Again, thank God, Lily is doing just fine. However, looking at this video I realize how these medical issues, in particular the last year or so, have sort of robbed me of the simple pleasures of enjoying them, and taking pride in how they’re developing and growing. Don’t get me wrong here. I’m not saying I’m not proud of them or I don’t have fun with my daughters, and take time to laugh, giggle, and horse around with them when I can. On the contrary, I am incredibly proud of them. It’s just that I’ve let taking care of their needs overshadow these special moments. In addition I’ve wondered recently if I’ve spent too much time worrying about work and chasing too many freelance jobs, forcing me to spend too much time on the computer or conducting interviews during my nights and weekends.
As I watched this little 30 second video, I started asking myself all sorts of questions and, admittedly, wallowing in a little bit of navel gazing. I started wondering what the future holds for them, if they’re happy, and if I’ve been a good father to them. And, lastly, while I know I need to let go and watch them grow – frankly, there are days when I’m ready for them to grow up and fly the coup – but today I can’t help but long for those days when they were younger. Right now I would trade anything to be able to come home and have my two little girls, in their Disney nightgowns and training pants, jump into my lap to read their Raggedy Ann and Pinkalicious books. What I wouldn’t do to be able to pick them up and toss them in the air, getting completely lost in their laughter and big, silly smiles. For crying out loud, I’ve seen practically all of these moments and it’s still gone by way too fast.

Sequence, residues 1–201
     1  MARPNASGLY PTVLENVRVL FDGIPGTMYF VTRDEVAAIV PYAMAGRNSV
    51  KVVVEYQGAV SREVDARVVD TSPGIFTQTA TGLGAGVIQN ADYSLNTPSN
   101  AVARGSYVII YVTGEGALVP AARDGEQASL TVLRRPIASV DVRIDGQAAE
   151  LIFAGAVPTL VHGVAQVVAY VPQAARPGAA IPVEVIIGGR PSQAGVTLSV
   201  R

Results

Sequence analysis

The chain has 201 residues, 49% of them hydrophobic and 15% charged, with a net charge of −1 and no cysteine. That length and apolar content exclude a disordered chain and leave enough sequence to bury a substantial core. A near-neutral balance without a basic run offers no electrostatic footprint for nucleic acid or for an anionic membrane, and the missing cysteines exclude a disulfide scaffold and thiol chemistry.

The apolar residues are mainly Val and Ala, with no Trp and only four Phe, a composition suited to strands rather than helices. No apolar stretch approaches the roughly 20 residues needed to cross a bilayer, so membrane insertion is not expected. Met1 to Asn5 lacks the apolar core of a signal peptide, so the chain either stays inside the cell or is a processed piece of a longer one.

I just have one more question. Can’t they be babies for just one more day?
This is awesome!
A high school soccer player in Geogia nails a 67-yard goal on the opening kickoff! I love how the opposing goalie just stands there like he’s invisible or something. Hilarious!
My newest story in Discover St. Clair is sure to get your stomach growling. It focuses on a handful of meat-and-three restaurants in the area all cooking up some darn good Southern cooking. The story mostly focuses on what these restaurants offer for lunch and dinner, but I have to recommend the breakfast at Huggy’s Diner. Best French toast and pancakes I’ve had in a while.
Look Up In The Sky ….